The Data Subject shall have the right to request from the Controller to rectify any inaccurate and incomplete data without any delay. The Data Subject can demand the Controller to remove or erase his/her data whenever required, and the Controller is bound to do so.
It is the Data Subject’s right to receive the data regarding him/her from the Controller, which he/she has provided. The Controller is responsible for providing the Data Subject with the relevant data without creating any trouble. The Data Subject can object to the processing of his/her data used for any purpose like marketing; for example, the Data was collected for providing any service to the Data Subject and later on, the Data is being used for marketing related activities, if the act of the Controller sounds inappropriate to the Data Subject, he/she can rightfully request the Controller to restrain from processing such data.
The Controller should introduce and implement appropriate technical and organizational measures to guarantee data protection under the GDPR. Appropriate measures include data protection policies, staff training for this purpose, data protection officer appointment, etc. If any personal data breach occurs, the Controller should notify the supervisory authority “means an independent public authority which is established by a Member State pursuant to Article 51 of the GDPR” about that breach within 72 hours of that occurrence after becoming aware of the incident. If not done so, the Controller would have to give reasons for the delay.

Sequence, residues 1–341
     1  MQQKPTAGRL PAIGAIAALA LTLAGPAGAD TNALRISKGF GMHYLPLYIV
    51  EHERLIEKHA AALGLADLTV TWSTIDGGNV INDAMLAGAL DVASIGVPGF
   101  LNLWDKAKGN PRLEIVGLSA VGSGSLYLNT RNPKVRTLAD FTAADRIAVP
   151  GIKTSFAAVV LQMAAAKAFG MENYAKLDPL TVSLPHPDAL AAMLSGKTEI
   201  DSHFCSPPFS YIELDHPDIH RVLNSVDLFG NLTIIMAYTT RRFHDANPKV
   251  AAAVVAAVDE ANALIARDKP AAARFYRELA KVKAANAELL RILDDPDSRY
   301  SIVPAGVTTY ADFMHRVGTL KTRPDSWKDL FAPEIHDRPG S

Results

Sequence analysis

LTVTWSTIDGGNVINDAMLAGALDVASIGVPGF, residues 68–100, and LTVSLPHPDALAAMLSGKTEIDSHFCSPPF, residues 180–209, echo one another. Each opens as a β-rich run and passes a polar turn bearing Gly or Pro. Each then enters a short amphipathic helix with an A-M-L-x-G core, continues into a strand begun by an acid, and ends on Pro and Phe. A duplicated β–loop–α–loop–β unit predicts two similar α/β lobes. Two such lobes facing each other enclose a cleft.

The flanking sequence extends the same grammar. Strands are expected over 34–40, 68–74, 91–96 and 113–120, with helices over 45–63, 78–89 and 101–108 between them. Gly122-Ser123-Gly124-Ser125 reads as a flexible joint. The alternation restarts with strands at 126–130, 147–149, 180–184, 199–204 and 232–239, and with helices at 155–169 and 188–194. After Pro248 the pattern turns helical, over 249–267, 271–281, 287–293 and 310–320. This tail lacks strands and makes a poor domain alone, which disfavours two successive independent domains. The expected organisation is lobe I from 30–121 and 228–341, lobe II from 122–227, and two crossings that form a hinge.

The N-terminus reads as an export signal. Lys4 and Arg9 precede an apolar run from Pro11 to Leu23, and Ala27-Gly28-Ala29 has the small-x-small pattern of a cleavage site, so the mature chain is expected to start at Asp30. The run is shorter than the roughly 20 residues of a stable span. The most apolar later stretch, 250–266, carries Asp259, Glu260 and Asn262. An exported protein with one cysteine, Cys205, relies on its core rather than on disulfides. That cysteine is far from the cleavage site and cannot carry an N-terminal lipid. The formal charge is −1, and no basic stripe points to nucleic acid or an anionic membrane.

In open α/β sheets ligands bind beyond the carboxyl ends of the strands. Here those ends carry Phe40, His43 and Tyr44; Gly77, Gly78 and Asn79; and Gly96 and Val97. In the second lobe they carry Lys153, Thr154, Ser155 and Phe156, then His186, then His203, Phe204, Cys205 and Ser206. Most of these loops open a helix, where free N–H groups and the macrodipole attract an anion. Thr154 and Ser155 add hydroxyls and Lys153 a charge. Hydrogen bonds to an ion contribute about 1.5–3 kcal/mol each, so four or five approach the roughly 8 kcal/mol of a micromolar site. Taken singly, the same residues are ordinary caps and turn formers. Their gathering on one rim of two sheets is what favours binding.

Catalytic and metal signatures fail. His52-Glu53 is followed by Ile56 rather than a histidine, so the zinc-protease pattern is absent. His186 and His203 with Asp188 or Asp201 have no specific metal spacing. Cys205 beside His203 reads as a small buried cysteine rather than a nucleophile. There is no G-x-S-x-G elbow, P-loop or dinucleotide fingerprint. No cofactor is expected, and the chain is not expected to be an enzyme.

The GDPR requires public authorities and organizations to appoint a Data Protection Officer, who should have data protection law expertise. He should be fully involved in the issues related to the Data. The Controller and the Processor should support the Data Protection Officer in performing his/her duties. The Data Subject can contact the Data Protection Officer to know about any issue related to the processing of their data and exercise any rights conferred upon him by the GDPR. The Data Protection Officer is responsible for keeping the confidentiality and secrecy of his/her duties and given tasks.
Article. 77 to 84 If any Data Subject suffers damages, whether material or immaterial, due to infringement of the GDPR, he/she has the right to get compensated by the Controller and the Processor. The Data Subject can approach the competent court for compensation. Administrative fines are also available to be imposed under GDPR; such penalties are supposed to be charged according to each case’s circumstances, nature, and gravity. The maximum amount of fine is 20 million EURO, or in the case of an undertaking, up to 4 % of the total worldwide annual turnover of the preceding financial year, whichever is higher to be paid to the Data Subject.
The GDPR is exclusively drafted and executed to protect the Data. Its objective is to guard the general public’s privacy by restraining various bodies and organizations from interfering with people’s data and privacy. Its firm stance on privacy and personal data protection safeguard the public from privacy infringements on a large scale.